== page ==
Why Does the US Make ‘Pie in the Sky’ Promises to the Philippines?

U.S. Commerce Secretary Gina Raimondo claimed in the Philippines capital, Manila, on March 12, that the United States would help the Philippines double its semiconductor factories in order to avoid a “way too concentrated” global chip supply chain. Before this, she announced that American companies will invest more than $1 billion in the Philippines. Is this genuine help, or is there another agenda? Let’s take a closer look.

For years, U.S. investment in the Philippines has remained modest, with annual investment often staying around $1 billion. Since the formation of the new Philippine government in June 2022, the U.S. has increased its efforts to entice the Philippines in the name of the “Indo-Pacific Strategy,” but investment levels have not risen. Data show that in 2023, the U.S. was the sixth-largest investor in the Philippines, with investment still remaining around $1 billion. Yet, during the same period, U.S. investments in Thailand were worth approximately $2.3 billion. It should be noted that the population of the Philippines is 40 million more than that of Thailand.

Raimondo was accompanied on her visit to the Philippines by a delegation of 22 representatives from business and strategic industry sectors. Although she made a high-profile announcement that U.S. companies would invest in the Philippines, she did not specify how. Analysts have pointed out that considering the United States has “made promises but not delivered” in the past there are doubts about the extent to which it can expand its investment in the Philippines. In addition, Philippines Ambassador to the United States Jose Manuel Romualdez has claimed that the United States is expected to invest in infrastructure and manufacturing in the Philippines. However, it is well known that these sectors are not strengths of the United States and the associated investment plans seem more like pipe dreams.

Let’s look at the “investment attractiveness” of the Philippines that Raimondo has been trying to sell to domestic businesses. According to official data from the Philippines, in 2021 and 2022 net foreign investment in the Philippines was $11.9 billion and $9.2 billion, respectively. From Jan. to Oct. 2023, it was $6.5 billion, a 17.9% decrease year-on-year. The decline is related to domestic conditions such as serious corruption, outdated transportation and expensive utility costs. Although the Philippines has relatively low labor costs, they are among the highest in the whole of Asia, which is an inherent weakness in attracting foreign investment. When this is coupled with a rapidly changing international environment and policies, the prospects for U.S. investment goals are uncertain.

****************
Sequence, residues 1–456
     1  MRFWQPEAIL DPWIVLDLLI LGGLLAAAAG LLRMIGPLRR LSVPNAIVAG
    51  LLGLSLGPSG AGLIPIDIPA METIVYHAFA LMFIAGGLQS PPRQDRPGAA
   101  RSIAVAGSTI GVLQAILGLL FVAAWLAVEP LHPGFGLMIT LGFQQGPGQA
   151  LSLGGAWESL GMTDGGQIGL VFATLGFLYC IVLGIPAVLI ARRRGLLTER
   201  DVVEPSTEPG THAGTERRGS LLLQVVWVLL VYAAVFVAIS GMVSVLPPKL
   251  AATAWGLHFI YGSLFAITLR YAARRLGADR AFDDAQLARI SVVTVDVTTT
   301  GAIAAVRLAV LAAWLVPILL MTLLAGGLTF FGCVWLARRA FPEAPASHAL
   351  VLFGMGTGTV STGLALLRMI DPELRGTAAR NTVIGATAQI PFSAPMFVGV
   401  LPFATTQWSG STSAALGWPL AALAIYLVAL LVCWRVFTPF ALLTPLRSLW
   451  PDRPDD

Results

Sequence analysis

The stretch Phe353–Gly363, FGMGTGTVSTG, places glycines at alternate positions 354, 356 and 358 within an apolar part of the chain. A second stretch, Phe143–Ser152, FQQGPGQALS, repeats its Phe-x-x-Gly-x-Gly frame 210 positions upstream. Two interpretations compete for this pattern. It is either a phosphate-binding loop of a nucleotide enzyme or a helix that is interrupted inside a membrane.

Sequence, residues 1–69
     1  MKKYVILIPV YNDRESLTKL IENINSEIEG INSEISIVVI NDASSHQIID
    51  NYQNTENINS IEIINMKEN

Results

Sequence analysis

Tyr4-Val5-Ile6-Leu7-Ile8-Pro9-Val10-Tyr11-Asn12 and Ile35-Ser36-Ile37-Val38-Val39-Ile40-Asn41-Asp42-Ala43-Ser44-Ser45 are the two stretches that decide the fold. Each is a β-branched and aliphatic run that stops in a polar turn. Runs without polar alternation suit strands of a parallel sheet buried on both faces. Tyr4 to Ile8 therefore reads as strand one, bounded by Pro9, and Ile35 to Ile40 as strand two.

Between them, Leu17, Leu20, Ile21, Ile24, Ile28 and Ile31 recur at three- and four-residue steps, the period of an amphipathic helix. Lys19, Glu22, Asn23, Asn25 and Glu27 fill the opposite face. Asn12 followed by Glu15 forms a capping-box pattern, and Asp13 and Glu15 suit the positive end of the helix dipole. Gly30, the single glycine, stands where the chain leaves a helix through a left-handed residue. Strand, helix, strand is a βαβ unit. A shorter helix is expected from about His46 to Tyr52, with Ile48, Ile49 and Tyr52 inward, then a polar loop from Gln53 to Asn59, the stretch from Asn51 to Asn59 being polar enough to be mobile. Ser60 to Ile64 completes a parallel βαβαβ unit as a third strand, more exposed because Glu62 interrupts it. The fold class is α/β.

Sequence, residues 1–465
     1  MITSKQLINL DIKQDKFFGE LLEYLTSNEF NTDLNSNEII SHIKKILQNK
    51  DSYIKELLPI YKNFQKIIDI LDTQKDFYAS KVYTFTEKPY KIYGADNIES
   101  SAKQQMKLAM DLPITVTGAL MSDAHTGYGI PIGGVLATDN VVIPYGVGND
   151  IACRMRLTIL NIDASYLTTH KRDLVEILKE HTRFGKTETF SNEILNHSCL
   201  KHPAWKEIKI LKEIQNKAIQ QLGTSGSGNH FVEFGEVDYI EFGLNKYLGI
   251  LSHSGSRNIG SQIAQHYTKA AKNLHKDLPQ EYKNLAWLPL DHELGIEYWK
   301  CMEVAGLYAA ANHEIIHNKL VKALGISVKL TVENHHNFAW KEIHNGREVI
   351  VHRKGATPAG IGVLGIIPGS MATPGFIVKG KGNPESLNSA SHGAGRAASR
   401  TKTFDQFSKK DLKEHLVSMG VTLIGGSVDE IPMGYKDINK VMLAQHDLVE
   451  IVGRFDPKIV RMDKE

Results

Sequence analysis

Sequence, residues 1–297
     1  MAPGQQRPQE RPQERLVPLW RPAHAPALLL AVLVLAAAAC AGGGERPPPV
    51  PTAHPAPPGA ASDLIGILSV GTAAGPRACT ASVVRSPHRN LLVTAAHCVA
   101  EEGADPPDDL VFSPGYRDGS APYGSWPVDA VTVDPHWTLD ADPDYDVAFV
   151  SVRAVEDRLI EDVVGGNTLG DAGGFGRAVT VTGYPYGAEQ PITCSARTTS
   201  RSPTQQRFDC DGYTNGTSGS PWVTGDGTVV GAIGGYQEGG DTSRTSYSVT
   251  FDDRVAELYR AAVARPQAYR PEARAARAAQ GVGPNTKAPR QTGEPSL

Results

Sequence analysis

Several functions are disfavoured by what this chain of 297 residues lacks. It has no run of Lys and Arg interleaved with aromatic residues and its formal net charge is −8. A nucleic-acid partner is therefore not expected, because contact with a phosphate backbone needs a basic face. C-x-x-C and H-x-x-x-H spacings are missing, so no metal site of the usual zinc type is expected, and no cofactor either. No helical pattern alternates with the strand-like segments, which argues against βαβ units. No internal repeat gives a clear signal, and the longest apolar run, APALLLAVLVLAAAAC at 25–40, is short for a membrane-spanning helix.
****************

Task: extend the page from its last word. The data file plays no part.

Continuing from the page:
It is evident that the U.S. commitment to invest in the Philippines is more like “pie in the sky.” But what is the intention behind it?

Analysts have pointed out that the “Indo-Pacific Strategy” promoted by the United States focuses on security and military concerns and lacks economic content, making it not attractive enough to their allies. For example, the Philippine economy is underdeveloped and urgently needs economic development. Raimondo’s promise to invest in the Philippines is partly intended to enrich the economic content of the “Indo-Pacific Strategy” and inject some economic momentum into the U.S.-Philippine military alliance.

It is worth noting that during Raimondo’s visit to the Philippines, she vowed to spare no effort to “make sure there are no sophisticated technology, including semiconductor technology […] that we have, that China doesn’t have, that they can’t access it.” When you consider her recent shocking statement of “Imagine a world where there’s three million Chinese vehicles on the road in America and Beijing can turn them all off at the same time,” it seems some people in the United States are obsessed with targeting China and, in their view, the Philippines is a convenient pawn.

As a major power outside the region, the United States has deeper geopolitical aims in wooing the Philippines economically and that is the use of the Philippines as a check and balance against China. For example, the United States has become more deeply involved in the South China Sea.

Before Raimondo’s visit to the Philippines, the Philippines had gone back on its commitments and sent two coast guard ships and two supply ships to trespass into the waters near the Second Thomas Shoal in China’s Spratly Islands, deliberately colliding with Chinese Coast Guard ships that were enforcing the law. CNN reporters even fabricated stories at the scene for the Philippines, claiming that they were “outnumbered” and “targeted.” During Raimondo’s visit with the business delegation, she promoted the “ironclad” nature of the alliance, intended to hitch the Philippines firmly to the U.S. “wagon” in the Indo-Pacific.

Isn’t it clear to the Philippines what U.S. intentions are? Or is it that it has made its own calculations, that is to make use of U.S. hegemony to achieve its unwarranted ambitions, to normalize its regular intrusions into China’s Second Thomas Shoal and Scarborough Shoal and share the ambitions of the United States in suppressing China’s semiconductor development. However, coveting what does not belong to you will lead to more losses than gains in the end. The Philippines should be more cautious and not be fooled by “pie in the sky” pictures painted by the United States.

About this publication

Be the first to comment

Leave a Reply